Press Releases


North Kingstown Lake Slated For Possible Follow-Up Treatment For Noxious, Invasive Weeds On September 25

PROVIDENCE The Rhode Island Department of Environmental Management (DEM) is advising the public that Silver Spring Lake in North Kingstown will receive an inspection and possible follow-up treatment to control noxious weed infestation on Tuesday, September 25. The initial treatment in June significantly reduced the infestations of milfoil and fanwort, whose dense weed beds and foliage outcompete native aquatic vegetation that are important habitat for fish and food sources for waterfowl and some mammals.

The inspection will be conducted by Solitude Lake Management LLC, the company contracted for the earlier treatment. If there has been substantial regrowth of the invasive weeds, the lake will be treated using the herbicides Reward and Clipper as in the initial treatment. Anglers and boaters are advised to avoid using the lake on this day.

If the lake is retreated, the restriction of use will be posted as follows:

No use for irrigation for 5 days No direct drinking for 3 days 1-day restriction for livestock watering There are no restrictions for swimming and fishing other than the day of treatment.

The Silver Spring Lake fishing access and boat ramp along with the Shady Lea Grove picnic area are owned by DEM and are popular with anglers and boaters. This lake is stocked with trout several times during the year. DEM will not stock additional trout until treatments are concluded for the year.

To prevent the spread of invasive weeds and other harmful aquatic "hitch hikers," Rhode Island strictly prohibits the use of external felt soled or any natural or synthetic porous material capable of absorbing water in any freshwaters in the state. This includes any waters shared with adjacent states in which Rhode Island fishing regulations apply. Fanwort spreads by fragmenting. Its invasion of fresh water bodies in New England is attributed to boats, trailers, live-wells, boat bilges, and fishing equipment carrying fragments of it from other, already-compromised water bodies. For these reasons, DEM recommends that all boaters thoroughly clean their vessels and equipment of attached weeds before and after using Rhode Island lakes, ponds, and rivers at a distance away from these freshwaters.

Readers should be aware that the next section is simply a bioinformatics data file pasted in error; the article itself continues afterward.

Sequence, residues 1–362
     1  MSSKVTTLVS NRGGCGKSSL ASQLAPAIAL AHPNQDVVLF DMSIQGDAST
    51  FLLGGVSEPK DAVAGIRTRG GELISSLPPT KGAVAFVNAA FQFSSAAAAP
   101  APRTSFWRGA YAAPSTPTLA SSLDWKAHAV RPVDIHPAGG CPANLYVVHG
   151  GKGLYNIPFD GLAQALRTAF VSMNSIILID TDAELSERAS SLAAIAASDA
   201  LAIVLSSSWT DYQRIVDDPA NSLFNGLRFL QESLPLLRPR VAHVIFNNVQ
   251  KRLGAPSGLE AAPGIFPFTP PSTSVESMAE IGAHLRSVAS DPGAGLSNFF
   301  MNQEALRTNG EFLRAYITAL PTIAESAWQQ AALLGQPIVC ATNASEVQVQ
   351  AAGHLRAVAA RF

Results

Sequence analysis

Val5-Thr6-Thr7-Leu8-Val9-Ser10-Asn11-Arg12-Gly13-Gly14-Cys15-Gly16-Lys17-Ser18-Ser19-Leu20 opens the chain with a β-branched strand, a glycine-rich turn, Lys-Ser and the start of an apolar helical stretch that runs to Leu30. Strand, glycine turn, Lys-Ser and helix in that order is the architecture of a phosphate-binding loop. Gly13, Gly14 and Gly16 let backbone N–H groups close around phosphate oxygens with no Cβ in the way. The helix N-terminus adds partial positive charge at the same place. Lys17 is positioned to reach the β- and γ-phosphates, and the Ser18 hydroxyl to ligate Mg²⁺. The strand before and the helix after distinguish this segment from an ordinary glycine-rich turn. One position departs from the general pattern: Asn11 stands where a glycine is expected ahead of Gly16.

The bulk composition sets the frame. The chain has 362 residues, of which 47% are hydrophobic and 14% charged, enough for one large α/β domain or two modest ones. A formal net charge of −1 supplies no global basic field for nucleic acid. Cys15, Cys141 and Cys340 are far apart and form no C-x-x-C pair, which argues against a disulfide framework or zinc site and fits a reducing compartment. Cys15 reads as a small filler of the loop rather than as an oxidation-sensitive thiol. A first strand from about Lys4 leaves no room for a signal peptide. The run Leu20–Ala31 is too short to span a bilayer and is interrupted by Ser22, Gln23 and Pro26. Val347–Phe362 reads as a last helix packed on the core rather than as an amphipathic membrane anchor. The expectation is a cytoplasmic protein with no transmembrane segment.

Aquatic Invasive Species

Limit the ecological function of water bodies by: - Outcompeting beneficial native species - Decreasing biodiversity - Reducing water quality - Decomposing slowly and reducing oxygen levels - Degrading conditions for fish

Cause economic harm by: - Requiring substantial funds to manage - Reducing water flow thus interfering with industrial, agricultural, and municipal water systems - Clogging irrigation ditches, canals, farm ponds, and irrigation equipment - Possibly devaluing waterfront property - Threatening tourism and recreation

Impede recreation by: - Reducing open areas on water bodies and along shorelines, aesthetics, and visibility - Minimizing fishing opportunities - Washing up on beaches - Becoming entangled around motors - Obstructing access to boat ramps, lanes - Snagging fishing lines

Follow DEM on Twitter (@RhodeIslandDEM) or Facebook at for more information on recreational opportunities in Rhode Island as well as other timely updates.

Related links

  • Department or agency: Department of Environmental Management
  • Online:
  • Release date: 09-20-2018

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